Why do we do what we do at weddings?
No, we're not talking about the embarrassing speeches from your college roommate formally known as Drunkles McGee ... or why we take the centerpieces or why we do the Chicken Dance. You're on your own there.
But it is fun to consider in this post-modern age, so we thought we would delve into the various legends and lore around certain wedding activities and traditions we do sometimes without knowing why. Since this is numero uno in this series, we're starting with the more familiar and basic.
[Because these are legends and lore, by definition we cannot guarantee it historically, nor do we care to. What's more fun is to share what we found.]
Why does the bride stand to the left of the groom at the altar?
You can do whatever you like in 2018, but back during the 5th century until around 1066, Anglo-Saxon grooms often had to defend their brides (and others) during the ceremony. Having your girl to your left allowed your fighting arm - always the right - to be free in case you needed to draw your sword. Handy.
Bouquets and Baking! Seems sort of obvious. The bride needs something to do with her hands walking down the aisle and any celebration calls for sweets. But why the bouquet of flowers instead of her walking with a box of gold toward her man? And why a tiered cake instead of a mountain of cornbread muffins?
Brides began holding a bouquet of flowers because they symbolized fertility. Spring herbs and flowers were a way of saying "here's to a growing and prosperous family." Over time, fruits were added to really drive the point home. Some brides carried herbs and spices to ward off evil spirits. These days, they tend to be more romantic and symbolize a bride's favorite flower or what's seasonal.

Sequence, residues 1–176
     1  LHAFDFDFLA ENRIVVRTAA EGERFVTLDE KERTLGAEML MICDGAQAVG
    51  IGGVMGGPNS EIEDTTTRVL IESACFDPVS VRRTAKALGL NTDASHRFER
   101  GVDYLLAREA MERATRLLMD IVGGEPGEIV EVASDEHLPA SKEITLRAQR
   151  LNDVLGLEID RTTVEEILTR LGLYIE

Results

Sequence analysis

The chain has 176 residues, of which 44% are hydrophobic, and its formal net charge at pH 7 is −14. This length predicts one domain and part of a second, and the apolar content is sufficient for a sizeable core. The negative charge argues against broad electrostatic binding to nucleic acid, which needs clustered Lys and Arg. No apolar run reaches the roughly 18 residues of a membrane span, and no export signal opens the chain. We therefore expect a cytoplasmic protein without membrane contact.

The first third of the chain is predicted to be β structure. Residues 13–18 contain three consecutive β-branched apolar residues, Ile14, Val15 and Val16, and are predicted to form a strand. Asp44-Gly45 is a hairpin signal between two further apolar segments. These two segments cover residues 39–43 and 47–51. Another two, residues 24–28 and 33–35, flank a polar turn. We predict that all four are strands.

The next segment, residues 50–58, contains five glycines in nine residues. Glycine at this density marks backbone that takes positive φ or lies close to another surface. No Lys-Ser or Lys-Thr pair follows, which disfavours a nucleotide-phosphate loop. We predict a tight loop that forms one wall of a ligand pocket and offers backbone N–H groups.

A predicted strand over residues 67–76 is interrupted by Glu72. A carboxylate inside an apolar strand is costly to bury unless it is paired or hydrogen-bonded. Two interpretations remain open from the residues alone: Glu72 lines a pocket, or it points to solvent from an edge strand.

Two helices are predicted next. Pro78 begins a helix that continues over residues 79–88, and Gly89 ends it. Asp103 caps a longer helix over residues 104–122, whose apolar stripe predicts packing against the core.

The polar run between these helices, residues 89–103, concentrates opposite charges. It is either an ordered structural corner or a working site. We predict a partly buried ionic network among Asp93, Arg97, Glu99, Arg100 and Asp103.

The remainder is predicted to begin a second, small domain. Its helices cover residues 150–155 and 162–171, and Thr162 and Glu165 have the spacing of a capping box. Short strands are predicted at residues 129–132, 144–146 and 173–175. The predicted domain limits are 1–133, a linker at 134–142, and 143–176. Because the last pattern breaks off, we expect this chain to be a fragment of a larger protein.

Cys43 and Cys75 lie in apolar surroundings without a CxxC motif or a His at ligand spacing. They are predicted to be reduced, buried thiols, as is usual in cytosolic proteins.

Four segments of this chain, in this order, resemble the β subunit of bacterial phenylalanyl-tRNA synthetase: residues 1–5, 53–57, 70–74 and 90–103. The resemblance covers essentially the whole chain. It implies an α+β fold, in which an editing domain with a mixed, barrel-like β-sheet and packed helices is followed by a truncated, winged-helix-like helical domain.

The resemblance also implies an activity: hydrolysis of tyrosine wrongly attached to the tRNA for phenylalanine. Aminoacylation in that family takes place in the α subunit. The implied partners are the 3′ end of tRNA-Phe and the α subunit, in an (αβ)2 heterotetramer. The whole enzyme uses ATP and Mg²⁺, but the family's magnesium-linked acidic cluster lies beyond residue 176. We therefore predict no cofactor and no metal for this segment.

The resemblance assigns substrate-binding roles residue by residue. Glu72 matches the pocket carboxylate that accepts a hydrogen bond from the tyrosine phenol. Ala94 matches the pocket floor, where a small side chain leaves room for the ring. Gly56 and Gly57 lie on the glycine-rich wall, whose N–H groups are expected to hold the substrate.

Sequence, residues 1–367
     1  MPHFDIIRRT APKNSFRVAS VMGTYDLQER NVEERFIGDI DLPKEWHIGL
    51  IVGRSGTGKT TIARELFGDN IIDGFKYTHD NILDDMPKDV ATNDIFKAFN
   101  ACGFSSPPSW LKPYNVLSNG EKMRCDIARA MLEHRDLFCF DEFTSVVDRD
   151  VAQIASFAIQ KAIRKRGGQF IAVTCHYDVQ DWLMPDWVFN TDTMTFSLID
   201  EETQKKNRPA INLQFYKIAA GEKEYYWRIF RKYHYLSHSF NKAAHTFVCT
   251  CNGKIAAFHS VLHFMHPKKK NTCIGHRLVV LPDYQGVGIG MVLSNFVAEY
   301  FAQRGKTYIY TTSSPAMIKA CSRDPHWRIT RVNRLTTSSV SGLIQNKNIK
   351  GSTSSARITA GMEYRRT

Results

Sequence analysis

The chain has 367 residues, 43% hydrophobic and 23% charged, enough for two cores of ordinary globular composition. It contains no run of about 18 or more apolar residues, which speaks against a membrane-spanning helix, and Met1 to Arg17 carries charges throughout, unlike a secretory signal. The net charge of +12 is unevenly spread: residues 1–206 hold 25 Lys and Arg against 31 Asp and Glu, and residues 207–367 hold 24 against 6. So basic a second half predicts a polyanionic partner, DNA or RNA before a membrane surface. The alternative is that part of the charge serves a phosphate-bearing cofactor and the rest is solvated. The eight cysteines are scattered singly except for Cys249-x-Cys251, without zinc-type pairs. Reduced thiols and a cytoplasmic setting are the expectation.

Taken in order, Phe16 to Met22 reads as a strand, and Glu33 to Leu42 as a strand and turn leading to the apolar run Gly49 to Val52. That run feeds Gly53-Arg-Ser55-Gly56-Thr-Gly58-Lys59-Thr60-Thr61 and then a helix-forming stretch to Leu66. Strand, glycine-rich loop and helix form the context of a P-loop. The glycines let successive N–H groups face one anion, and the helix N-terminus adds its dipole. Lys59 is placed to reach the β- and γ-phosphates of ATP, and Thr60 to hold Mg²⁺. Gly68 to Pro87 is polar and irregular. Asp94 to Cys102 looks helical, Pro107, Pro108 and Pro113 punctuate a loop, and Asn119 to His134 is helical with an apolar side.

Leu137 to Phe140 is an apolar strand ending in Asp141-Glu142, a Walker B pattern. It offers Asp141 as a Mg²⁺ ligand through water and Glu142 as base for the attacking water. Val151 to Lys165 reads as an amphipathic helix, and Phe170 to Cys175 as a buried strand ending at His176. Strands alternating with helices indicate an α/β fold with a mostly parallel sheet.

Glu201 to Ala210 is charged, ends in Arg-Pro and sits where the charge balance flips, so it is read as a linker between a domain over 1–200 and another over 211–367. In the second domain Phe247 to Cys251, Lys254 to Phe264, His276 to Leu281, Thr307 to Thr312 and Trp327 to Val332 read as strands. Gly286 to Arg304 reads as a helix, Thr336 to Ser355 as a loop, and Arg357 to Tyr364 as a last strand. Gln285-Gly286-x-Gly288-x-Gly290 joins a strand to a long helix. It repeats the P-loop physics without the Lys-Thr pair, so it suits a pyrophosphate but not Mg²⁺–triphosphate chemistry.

The tiered cake?
This origin is deeply cool, because it really does point to community and celebration. After all, a wedding is about joining families, but it's also about surrounding the beginning of a new alliance with love and support. As with the altar arrangement of bride on the left and groom on the right, the tiered cake came into existence during Anglo-Saxon times. Wedding guests would bring cakes to the wedding to share. [In the South, this is lovingly referred to as "pot luck."] For space, cakes would be stacked with the largest on the bottom and the littlest at the top, creating a graduating effect. Years later, a Frenchman (they are our classic model for baking) took the concept of stacking and created a cake in that arrangement and then iced them all together into one dessert.
And finally - Why does the bride wear white?
Our minds go immediately to white as a symbol virginal purity to describe the bride. Wellllllllll, sources tell us that we have Britain's Queen Victoria to thank. Before her marriage to Prince Albert, women wore colorful dresses to their weddings. This amazing monarch was an independent thinker and a trend-setter, however, and chose a ball gown in all white and brides everywhere took notice. She thought white would show off all the lace she'd chosen to give the lace-makers in England an economic bump.
And it stuck.
For more interesting factoids about bridal traditions - stay tuned! We're loving the historical digging and we're just getting started.
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